"A Palestinian farmer residing in the Tal village adjacent to Kedumim was stoned by settlers from the Gilad outpost while harvesting olives. The man was treated at the site and evacuated to hospital. The Rabbis for Human Rights organization lodged a complaint with the IDF and the Coordination and Liaison Authority."
This laconic report by the French news agency Tuesday is just the opening shot ahead of another season of trouble at West Bank olive groves.
Each year during this season the harsh events carried out by settlers attacking the Palestinian olive harvesters are repeated, and each year security officials repeatedly assure they will do their utmost to prevent such attacks. However, both the Palestinian farmers and the settlers know how "serious" these assurances are.
The olive tree was selected this year as Israel's "national tree." Some 8,800 Ynet surfers voted for it ahead of the Olympics in Beijing next year. However, similar to several other matters, the Olive tree is also the national tree of our Palestinian neighbors-enemies. They didn’t select it in an online competition ahead of the Olympics: Since the 1950s the majority of Palestinians have regarded the olive tree as their national emblem. Being torn from their olive trees is a motif that is repeated in Palestinian literature and poetry in the past 10 years.
Each year skirmishes between Jewish settlers and Palestinian farmers take place adjacent to these trees in the West Bank. The farmers blame the settlers for attempting to steal their "single prized possession" – the olive and oil yield on which the livelihood of tens of thousands of families are dependent throughout the long winter months.
In the eyes of the farmers, these attacks are the continuation of another harsh abuse: During the construction of the separation fence in recent years, construction contractors uprooted thousands of olive trees, the vast majority of which were sold to Israeli nurseries.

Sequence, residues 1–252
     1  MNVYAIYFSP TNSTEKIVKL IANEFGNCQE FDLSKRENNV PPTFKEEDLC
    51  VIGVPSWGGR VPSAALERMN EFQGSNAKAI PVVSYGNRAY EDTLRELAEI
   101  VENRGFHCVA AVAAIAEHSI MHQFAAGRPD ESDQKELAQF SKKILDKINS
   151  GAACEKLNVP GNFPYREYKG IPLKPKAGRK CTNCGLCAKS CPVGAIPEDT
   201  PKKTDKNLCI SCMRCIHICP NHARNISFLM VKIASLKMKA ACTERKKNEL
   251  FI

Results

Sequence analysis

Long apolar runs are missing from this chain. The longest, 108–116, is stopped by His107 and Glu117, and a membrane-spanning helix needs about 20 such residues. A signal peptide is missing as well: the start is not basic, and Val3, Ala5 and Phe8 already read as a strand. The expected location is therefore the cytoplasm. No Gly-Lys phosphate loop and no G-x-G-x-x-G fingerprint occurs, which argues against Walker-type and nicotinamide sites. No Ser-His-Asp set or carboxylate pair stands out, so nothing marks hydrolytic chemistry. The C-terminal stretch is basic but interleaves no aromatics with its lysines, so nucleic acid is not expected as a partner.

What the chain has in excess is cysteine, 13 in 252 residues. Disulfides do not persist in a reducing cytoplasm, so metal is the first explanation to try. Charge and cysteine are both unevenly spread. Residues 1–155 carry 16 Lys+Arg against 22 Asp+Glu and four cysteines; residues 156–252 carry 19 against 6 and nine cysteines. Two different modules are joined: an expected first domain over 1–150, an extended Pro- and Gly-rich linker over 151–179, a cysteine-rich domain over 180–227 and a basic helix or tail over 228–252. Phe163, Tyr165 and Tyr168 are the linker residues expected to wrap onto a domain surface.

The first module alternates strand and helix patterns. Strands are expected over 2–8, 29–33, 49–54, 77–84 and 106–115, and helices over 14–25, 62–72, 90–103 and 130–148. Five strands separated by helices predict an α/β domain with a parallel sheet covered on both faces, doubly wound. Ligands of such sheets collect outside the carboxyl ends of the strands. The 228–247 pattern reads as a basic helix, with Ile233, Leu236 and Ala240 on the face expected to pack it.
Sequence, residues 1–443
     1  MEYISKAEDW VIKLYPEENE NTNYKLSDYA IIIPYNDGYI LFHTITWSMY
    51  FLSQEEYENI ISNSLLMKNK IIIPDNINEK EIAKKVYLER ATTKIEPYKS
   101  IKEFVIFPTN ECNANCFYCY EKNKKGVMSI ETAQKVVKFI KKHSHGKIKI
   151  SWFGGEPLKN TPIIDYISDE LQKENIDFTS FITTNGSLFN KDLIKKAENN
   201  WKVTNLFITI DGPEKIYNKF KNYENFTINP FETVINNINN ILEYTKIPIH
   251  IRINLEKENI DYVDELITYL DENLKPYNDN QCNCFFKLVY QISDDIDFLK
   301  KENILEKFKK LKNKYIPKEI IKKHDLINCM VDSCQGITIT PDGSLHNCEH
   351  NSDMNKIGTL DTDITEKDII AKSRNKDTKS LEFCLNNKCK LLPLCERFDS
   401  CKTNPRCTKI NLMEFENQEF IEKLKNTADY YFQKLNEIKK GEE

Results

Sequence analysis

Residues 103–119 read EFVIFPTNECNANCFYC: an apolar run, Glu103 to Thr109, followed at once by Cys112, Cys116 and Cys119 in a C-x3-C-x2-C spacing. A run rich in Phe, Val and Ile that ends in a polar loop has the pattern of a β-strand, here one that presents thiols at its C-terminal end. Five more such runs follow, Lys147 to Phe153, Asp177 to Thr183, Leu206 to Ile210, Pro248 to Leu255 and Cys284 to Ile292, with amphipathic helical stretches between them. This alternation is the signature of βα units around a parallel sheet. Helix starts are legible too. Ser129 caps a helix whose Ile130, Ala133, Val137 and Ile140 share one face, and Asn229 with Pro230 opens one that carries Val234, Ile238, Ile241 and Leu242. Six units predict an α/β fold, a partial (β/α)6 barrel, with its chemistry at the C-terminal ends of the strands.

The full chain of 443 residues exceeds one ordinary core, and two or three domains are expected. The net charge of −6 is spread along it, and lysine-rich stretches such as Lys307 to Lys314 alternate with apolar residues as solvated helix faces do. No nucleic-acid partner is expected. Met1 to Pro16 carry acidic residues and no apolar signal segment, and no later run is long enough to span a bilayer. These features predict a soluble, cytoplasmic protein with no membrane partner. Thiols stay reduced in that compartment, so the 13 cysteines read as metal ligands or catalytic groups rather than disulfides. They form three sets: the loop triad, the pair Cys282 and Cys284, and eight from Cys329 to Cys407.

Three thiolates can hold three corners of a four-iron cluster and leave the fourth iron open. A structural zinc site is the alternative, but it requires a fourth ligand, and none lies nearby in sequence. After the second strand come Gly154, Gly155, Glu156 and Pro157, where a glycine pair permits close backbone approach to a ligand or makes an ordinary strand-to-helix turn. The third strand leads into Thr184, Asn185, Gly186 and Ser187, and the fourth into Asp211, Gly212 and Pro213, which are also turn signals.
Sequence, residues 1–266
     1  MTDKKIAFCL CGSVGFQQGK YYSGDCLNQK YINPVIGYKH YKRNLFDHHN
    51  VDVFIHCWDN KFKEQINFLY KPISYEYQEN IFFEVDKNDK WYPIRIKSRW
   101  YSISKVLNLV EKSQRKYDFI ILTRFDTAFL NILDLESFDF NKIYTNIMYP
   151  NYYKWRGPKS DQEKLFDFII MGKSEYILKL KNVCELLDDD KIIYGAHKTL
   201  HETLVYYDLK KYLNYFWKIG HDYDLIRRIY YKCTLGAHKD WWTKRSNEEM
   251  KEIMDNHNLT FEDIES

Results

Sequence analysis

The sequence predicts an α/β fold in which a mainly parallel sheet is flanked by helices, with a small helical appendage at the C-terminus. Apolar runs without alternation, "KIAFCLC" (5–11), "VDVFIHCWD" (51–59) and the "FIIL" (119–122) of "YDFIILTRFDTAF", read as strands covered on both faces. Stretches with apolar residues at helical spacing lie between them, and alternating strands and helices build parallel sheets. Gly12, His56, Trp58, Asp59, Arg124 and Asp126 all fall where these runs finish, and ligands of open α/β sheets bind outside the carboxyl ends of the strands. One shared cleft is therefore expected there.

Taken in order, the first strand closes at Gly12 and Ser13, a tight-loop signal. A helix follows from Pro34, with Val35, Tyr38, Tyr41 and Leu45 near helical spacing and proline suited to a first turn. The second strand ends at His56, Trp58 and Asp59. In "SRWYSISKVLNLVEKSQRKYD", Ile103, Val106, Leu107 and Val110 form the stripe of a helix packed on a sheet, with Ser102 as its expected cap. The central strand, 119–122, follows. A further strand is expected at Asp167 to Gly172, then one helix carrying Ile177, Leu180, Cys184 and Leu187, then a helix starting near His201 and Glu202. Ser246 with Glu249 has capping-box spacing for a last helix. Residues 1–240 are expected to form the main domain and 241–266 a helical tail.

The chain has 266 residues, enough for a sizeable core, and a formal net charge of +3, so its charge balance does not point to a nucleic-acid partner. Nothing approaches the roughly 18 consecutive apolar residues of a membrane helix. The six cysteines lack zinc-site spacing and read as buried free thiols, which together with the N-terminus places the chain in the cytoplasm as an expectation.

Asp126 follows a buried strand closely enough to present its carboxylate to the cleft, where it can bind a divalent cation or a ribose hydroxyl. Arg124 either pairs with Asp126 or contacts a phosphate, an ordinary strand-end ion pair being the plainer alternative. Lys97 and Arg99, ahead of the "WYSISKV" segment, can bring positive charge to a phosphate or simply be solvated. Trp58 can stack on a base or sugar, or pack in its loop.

The attack on harvesters, the damage to the olive groves and the uprooting of trees are perceived by the Palestinian public as an attempt to uproot them from their land. Moreover, the security forces are exhibiting an unfathomable helplessness wherever protecting the Palestinian farmers and in warding off settler aggression is concerned.
The incumbent government is seeking to reach understandings with the Palestinian Authority regarding the West Bank and Jerusalem. The prime minister is seeking to strengthen the heads of the Authority so that the Hamas takeover of Gaza will not be repeated in the West Bank.
Yet while secret understandings are being reached at the covert meetings between Olmert and Abbas, life goes on as usual at the West Bank olive groves.
It is worth noting that this year very low yields are expected (last year there was an abundance of olives, and this year the opposite is expected due to the trees' biennial cycle), and each yield harvested is rare and its price set accordingly.
If this year the security establishment does not show some determination in its handling of the attacks, cabinet representatives will find it difficult to convince Palestinians that their intentions are indeed serious in more critical matters such as establishing a Palestinian state, transfer of land and reaching an agreement on Jerusalem.
Despite the matter being seemingly marginal, perhaps our cabinet leaders should remember that which is written in the bible: A good name is better than precious oil.